Applying a scientific approach to employee engagement can unlock new levels of performance
Behavioural science has been on the agenda in an increasing number of organisations recently, with targeted attempts to influence behaviour using the principles of the topic. Its potential to drive the decisions and behaviours of humans could drive a revolution in the world of employee engagement.
Let’s start with the definition: behavioural science brings together insights from psychology and economics to study human behaviour. It helps us understand why we make the decisions we do. What information are we using? What mental shortcuts are we taking? How does our environment influence us? What do our preferences – how we react to events both near and far in the future, and what we deem risky or socially acceptable – have to do with it all? And how could all this manifest in our profession?
Without application, science is just theory. Tangible results come from a practical use: deploying the ideas and techniques towards a definitive outcome. That requires an understanding of both worlds: the scientific and the practical.
Increasingly, scarlettabbott is bridging this gap: our expertise in both fields of behavioural science and employee engagement is helping us transform theory into tangible, everyday actions that human resource and internal communication teams can take to drive results in their organisations.
For example, let’s look at a common problem companies encounter: encouraging employee participation in a workplace wellbeing programme. Consider the standard health and wellness messaging we see around us. It might feature a phrase like “look and feel great!” to promote participation.
A behavioural scientist takes a slightly different approach. First, they might think about how people have a tendency to consider rewards we gain in the future to be worth less than gratification we get in the short term. Why? Well just think of what gives you more satisfaction in the moment: the idea of fitting into those slim-fit jeans or devouring that plate of nachos. This tendency – known as time discounting – is at the heart of most poor choices we make, particularly in terms of health and wellbeing.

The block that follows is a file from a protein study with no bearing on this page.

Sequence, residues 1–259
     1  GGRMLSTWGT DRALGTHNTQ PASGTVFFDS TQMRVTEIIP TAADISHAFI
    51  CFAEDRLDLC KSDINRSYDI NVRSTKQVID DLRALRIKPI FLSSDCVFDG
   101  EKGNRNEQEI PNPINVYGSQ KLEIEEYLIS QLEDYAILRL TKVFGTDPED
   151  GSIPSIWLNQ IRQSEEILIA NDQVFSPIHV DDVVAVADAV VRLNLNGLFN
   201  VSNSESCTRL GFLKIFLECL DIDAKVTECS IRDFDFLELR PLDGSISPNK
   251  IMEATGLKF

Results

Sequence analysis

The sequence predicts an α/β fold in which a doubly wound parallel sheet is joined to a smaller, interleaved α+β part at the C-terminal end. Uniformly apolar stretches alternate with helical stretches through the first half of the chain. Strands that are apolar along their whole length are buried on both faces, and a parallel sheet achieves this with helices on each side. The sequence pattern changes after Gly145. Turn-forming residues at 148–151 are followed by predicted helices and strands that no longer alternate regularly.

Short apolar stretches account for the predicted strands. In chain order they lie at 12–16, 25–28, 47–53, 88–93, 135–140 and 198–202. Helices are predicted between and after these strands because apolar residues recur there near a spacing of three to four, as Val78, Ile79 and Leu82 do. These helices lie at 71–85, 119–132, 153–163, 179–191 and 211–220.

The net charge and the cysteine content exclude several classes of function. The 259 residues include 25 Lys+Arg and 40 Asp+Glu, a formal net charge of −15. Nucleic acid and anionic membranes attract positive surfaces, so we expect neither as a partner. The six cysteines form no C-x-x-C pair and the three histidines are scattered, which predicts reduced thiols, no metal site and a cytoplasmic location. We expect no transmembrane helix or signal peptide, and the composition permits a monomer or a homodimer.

The messaging of the wellness programme in our example, therefore, needs to find the hook that applies to the present day: how do we make a not-so-fun activity motivating immediately? Our headline message could instead be: “get an instant energy boost.” I don’t know about you but I like the sound of that.
The application of behavioural science also encourages us to expand our thinking towards the challenges we face in large organisations, going beyond traditional communication channels and techniques.
Time for another example. Let’s say, as part of your sustainability efforts, you want to increase the amount of material that people recycle. Typically, this might involve an educational video, a poster and a manager guide. We might talk about the potential to protect the planet or use infographic facts and statistics about how many forests we’ve protected or gallons of water we’ve saved. And we might set some kind of gamification campaign to persuade people to form new habits in exchange for a reward.
Behavioural scientists are here to tell you that all that’s great, but your money could be better spent elsewhere. The idea of ‘defaults’ states that, in general, people go along with whatever choice is already made for them because actively switching to another state requires time, energy and motivation. In this instance, we would create a default state by removing regular rubbish bins and adding many more recycling bins. Getting the regular bins back would require a lot of effort for employees, so they’re more likely to go with the flow and just recycle. This is likely to have a far more immediate and noticeable impact than an awareness campaign alone.
We can apply insights from behavioural science when taking employees on major change journeys. That means looking at the psychology of change, in terms of what specific barriers are preventing people changing and identifying the tailored solutions that help overcome them. People change behaviour when it’s easy, when they’re motivated, and when they feel emotion, so those three ingredients become essential to any communication about change.
We believe behavioural science is an exciting enhancement to our profession. We all know the power of employee testimonials to persuade other people to adopt a new programme or initiative. Behavioural science explains this. Social proof tells us that seeing what other people have done in a similar situation is most impactful in times of uncertainty. An internal communication strategy underpinned by behavioural science, therefore, will deploy colleague voices at precisely the time when people are facing most uncertainty.
Our profession has evolved significantly in the last decade. We’ve achieved the seat at the table that practitioners have long been seeking. We are trusted advisors to senior leaders, we play a significant role in strategic decisions and we represent the voice of the people. It’s our responsibility to make decisions based on something more than intuition alone.
Behavioural science gives internal communication another tool in its arsenal when it comes to tackling major challenges in organisations of any size. It forces us to think differently, and ask what’s really driving the outcome we’re currently seeing and how we can meaningfully influence that.
If you‘re keen to explore how behavioural science can drive change and solve challenges, we‘d love to help.
Explore how behavioural science could be deployed to help solve the challenges you’re facing with our behavioural science workshops.
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